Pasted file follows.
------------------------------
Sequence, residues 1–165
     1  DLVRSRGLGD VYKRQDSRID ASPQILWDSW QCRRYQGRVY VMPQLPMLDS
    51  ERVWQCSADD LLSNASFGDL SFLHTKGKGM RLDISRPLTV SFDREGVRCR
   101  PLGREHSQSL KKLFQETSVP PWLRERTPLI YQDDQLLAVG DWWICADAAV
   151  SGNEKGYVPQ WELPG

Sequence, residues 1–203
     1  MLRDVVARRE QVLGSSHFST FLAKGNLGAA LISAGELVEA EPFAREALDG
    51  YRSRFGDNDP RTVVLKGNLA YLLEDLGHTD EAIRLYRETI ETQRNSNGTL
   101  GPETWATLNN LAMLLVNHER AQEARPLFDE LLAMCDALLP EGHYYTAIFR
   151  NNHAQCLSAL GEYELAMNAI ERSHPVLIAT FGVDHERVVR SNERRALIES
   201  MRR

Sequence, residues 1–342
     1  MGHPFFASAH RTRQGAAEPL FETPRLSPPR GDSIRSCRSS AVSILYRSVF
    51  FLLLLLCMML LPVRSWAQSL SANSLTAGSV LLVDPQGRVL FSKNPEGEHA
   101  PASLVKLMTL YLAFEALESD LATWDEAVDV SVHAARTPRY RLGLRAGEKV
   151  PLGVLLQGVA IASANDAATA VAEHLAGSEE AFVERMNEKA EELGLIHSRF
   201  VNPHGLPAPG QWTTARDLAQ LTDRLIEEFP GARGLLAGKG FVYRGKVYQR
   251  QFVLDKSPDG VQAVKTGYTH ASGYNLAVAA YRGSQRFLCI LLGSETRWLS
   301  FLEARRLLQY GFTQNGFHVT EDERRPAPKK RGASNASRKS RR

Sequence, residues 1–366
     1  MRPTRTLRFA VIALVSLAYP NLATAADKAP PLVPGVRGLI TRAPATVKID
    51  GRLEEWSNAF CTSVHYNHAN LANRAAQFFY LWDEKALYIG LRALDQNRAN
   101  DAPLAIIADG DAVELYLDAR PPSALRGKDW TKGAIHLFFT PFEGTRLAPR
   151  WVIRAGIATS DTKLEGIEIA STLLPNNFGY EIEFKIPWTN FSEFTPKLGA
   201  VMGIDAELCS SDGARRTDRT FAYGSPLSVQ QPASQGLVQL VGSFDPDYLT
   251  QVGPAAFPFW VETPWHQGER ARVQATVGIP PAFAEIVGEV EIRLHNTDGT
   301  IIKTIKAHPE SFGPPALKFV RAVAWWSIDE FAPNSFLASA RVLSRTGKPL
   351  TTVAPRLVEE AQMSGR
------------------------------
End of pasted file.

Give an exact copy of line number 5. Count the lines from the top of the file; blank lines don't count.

   151  SGNEKGYVPQ WELPG